'Abki Baar Trump Sarkar' the phrase by PM Modi irked the Opposition, who accused the Prime Minister of blatantly endorsing Donald Trump in the run-up to the 2020 US Presidential elections and breaching India's foreign policy of not being bipartisan during the Howdy, Modi! in Houston.
While Trump played the second fiddle to the extravagance, Prime Minister Modi in his speech said, 'Abki Baar Trump Sarkar' to put on display the bonhomie of New Delhi and Washington, while the Indian-American was left exhilarated. However, Congress' Anand Sharma and Secretary-General of CPI(M) Sitaram Yechury saw this as an attack on the sovereignty of both India and the United States.
Senior Congress leader Anand Sharma stated how the statement was a breach of India's foreign policy engagement of not 'meddling' into the domestic electoral politics of any country. He added how India's engagement with the US is not restricted to Democratic or Republican party and accused the Prime Minister of acting like a 'star campaigner' in the US elections.
He said, "There has been a time-honoured convention in our foreign policy engagements that India does not meddle in domestic electoral politics nor does the Prime Minister of India, the President of India while visiting a country take a partisan position which is seen as endorsing one political party or leader. Prime minister should have respected that. It was very disturbing to see that the prime minister was openly extorting and raising the slogan 'Abki Baar Trump Sarkar'. That was better avoided. Because we have engaged with any US administration whether Democrats or Republicans without making any differentiation because it's a relationship between the strategic partners which we deeply value."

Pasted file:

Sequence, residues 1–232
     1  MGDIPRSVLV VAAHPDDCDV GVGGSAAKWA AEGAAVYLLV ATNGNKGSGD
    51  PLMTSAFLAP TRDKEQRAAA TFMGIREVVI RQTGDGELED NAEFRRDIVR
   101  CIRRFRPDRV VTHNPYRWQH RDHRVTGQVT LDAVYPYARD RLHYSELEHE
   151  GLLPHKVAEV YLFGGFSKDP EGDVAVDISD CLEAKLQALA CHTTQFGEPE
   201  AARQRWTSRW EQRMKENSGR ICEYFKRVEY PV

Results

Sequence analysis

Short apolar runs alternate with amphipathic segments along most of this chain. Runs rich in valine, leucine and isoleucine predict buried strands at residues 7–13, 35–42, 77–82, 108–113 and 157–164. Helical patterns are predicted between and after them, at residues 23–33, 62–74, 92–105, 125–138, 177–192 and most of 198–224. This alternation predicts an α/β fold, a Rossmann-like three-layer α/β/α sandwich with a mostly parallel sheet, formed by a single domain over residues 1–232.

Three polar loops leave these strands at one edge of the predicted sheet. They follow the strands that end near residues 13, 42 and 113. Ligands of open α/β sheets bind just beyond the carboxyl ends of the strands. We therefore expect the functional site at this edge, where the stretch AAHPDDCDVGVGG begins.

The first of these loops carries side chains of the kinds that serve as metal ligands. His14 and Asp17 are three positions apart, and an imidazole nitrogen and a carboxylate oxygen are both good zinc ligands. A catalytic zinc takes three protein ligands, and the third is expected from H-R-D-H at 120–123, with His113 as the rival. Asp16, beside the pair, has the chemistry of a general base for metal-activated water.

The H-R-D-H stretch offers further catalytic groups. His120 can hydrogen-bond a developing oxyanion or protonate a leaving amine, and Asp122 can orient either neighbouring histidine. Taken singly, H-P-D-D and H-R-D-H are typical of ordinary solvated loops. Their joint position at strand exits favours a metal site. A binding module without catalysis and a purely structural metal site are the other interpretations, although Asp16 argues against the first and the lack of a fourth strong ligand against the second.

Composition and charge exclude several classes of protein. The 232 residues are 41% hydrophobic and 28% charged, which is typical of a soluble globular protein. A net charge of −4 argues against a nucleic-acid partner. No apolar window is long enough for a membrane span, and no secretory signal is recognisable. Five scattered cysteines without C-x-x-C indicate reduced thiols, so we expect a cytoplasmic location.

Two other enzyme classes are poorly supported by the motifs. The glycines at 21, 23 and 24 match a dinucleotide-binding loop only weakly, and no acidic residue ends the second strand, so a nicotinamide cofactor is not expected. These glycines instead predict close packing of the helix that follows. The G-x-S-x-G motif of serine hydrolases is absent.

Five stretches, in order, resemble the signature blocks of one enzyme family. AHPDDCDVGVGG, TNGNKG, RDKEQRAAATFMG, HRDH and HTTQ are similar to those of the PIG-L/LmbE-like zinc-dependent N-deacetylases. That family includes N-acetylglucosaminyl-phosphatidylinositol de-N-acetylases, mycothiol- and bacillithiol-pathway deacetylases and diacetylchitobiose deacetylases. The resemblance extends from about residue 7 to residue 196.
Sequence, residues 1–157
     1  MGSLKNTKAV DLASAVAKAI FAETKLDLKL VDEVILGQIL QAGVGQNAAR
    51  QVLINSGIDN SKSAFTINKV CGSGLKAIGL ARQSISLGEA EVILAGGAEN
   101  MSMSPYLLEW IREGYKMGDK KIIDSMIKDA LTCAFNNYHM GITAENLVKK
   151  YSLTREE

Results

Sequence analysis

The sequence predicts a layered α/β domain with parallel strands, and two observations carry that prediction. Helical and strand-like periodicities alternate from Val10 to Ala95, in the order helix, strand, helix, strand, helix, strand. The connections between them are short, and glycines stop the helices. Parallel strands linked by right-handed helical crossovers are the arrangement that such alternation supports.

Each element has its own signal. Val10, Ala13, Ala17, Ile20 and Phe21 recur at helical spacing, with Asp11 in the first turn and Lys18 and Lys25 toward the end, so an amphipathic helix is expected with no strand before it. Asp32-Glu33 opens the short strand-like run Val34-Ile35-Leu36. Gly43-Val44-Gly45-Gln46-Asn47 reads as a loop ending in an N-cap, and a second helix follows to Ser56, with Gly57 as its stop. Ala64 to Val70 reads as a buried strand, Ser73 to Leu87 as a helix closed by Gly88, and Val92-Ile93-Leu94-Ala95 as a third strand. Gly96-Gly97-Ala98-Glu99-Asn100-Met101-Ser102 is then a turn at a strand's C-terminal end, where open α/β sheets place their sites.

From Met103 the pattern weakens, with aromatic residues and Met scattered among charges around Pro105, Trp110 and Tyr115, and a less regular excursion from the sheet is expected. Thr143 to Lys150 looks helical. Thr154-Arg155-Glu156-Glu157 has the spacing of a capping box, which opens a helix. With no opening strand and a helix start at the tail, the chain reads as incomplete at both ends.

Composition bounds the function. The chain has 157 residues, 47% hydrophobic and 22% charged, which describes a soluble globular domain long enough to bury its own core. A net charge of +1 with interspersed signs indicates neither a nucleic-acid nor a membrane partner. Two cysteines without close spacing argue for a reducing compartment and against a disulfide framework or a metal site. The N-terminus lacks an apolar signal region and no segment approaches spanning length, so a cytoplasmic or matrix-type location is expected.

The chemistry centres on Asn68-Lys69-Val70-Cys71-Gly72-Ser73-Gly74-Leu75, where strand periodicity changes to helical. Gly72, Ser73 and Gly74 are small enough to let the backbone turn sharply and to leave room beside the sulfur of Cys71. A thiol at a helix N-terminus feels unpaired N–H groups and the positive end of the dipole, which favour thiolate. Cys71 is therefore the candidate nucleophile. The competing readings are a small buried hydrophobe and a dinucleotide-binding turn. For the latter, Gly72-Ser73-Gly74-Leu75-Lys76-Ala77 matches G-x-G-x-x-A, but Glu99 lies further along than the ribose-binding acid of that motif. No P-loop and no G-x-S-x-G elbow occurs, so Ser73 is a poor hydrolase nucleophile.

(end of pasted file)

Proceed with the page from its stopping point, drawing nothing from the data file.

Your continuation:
The Congress leader further drew this comparison with former PM Dr. Manmohan Singh, saying that India engaged with former US Presidents from both parties- George W. Bush of the Republican and Barack Obama of the Democratic party.
He said, "Let me remind that when prime minister dr Manmohan Singh was in office, us president was here, from the republican party, President Bush. India and the US had successfully negotiated a civilian nuclear cooperation agreement which was path-breaking and historic. American elections came and every prime minister that India ever met never took a position to what should happen in the elections. Not only endorse one party or the other and then-president Obama won the election and we carried on with our strategic engagement as effectively as we had done with president bush administration."
"Prime minister must follow the same path. We hope that his visit is successful. And he comes back with some positives because our relationship cannot be transactional as President Trump said that India will buy defence equipment. I think its much more than buying and selling. We hope that Prime Minister succeeds in persuading President Trump to restore the cards and visas for Indian it professionals, h1b visas, l1 visas, reduces the fees and also restores the GSP- the generalized system of preferences especially at a time when the Indian economy is siding and our exports are also sluggish in fact there is a contraction. This would be helpful," the Congress leader added.
Reminding you that you are in the USA as our Prime Minister and not a star campaigner in US elections.— Anand Sharma (@AnandSharmaINC) September 22, 2019
Following the trail of Congress, Sitaram Yechury condemned the Prime Minister of unprecedently campaigning in a foreign land. He said, "Going to a foreign country and campaigning is not acceptable. We do not allow foreign govt to campaign in India. But Modi did the same over there. There is a brazen campaign that happened. It has never happened before."
While some have argued that PM Modi merely reiterated the 2016 slogan which was used by then-Republican US Presidential candidate, Donald Trump to woo the Indian-American community. But, will the phrase 'Abki Baar Trump Sarkar' move the Indian-American community?
According to a survey conducted right after the 2016 US Presidential elections, 80% of people from the Indian-American community had voted against Donald Trump. 77% of the Indian Americans voted for Democratic candidate Hillary Clinton in 2016. Democrats have fairly captured the Indian-American community, Al Jazeera reported in 2012 that Indian-Americans back former US President Obama in a 'big way' and even in 2008 Obama was backed by 84% of Indian-Americans.